We then go on to have some pretty bad teams, but I think Dirk’s German heritage as well as his loyalty for Dallas might have made Wisconsin a perfect place for him. Pairing Dirk with Michael Redd, and later Andrew Bogut might have made the Bucks a sneaky competitive team in the East, and you would have to wonder would the Bucks have traded Ray Allen if they kept Dirk? Big Dog and Sam Cassell didn’t have much longer careers after, but Ray was right around Dirk’s age and just getting started, and that’s a great duo to have in the East. Michael Redd was no slouch either, and then you think about if free agents want to come join Dirk, which could possibly improve the roster from say Carlos Delfino to an aging Peja Stojakovic (for example).
I think it’s about more than just a trade, Dirk is a key player who made everything possible for foreign NBA players. He was the trendsetter for them, and he really redefined the NBA in his career. Yes, another foreign basketball player may have come along at some point in the future to do better than Dirk or make a similar impact, i.e. Giannis, but before Dirk there were not really many foreign players that had lasting impacts on the game in the same way.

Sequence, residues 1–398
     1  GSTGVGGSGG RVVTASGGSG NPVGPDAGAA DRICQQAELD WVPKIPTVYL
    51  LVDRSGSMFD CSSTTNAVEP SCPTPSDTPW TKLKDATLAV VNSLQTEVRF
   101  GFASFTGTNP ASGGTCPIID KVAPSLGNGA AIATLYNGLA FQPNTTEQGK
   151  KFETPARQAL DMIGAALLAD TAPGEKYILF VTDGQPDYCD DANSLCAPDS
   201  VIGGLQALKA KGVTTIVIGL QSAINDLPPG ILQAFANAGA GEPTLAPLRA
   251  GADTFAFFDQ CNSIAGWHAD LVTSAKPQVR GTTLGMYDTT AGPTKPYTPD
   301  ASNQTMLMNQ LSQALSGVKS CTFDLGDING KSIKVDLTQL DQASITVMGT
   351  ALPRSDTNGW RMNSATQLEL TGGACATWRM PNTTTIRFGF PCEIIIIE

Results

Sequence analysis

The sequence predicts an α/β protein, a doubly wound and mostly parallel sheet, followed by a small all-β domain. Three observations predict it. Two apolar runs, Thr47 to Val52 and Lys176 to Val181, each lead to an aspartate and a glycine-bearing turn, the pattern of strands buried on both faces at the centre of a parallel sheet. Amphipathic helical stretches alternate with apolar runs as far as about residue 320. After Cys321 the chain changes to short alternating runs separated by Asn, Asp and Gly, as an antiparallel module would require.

So in a way, we have to thank Dirk a little bit at least for Giannis’ arrival to the NBA. Think about it, the advanced scouting that went in to finding Giannis on his semi-pro league in Greece might not have been there. We wouldn’t have been there if we weren’t looking for the next “Dirk” in Europe. And when I say that, I’m referring to impact, not style of play necessarily. That’s what I will determine Dirk’s impact on the Bucks’ success. Not just Giannis, but Luka Doncic, Nikola Jokic, and countless others.
As far as Dirk’s playing impact and how he changed the game, his “unguardability” is what was so unique. He was a big man who shot three’s with proficiency, with a high arching shot that nobody could block. His step back fade away is up there with the “dream shake” and “sky hook” as all-time great moves, and that is his main impact on the court. He also is the leader of the team that won the 2011 NBA Finals, and him beating the Miami Heat the year after LeBron’s “Decision” made a lot of “traditional” basketball fans rejoice. I’m a LeBron hater because back when the Bucks’ sucked, I was a Suns fan and also loved KG and Ray Allen, so I rejoiced as well with that victory. But that run to the Finals was just legendary, and it was essentially a one-man show winning a title.
There you have it, Dirk Nowitzki. Now we are down to the top three, who will it be? I feel like I know who it will be, but maybe you all will surprise me.
The Third Best Bucks’ Draft Pick Was...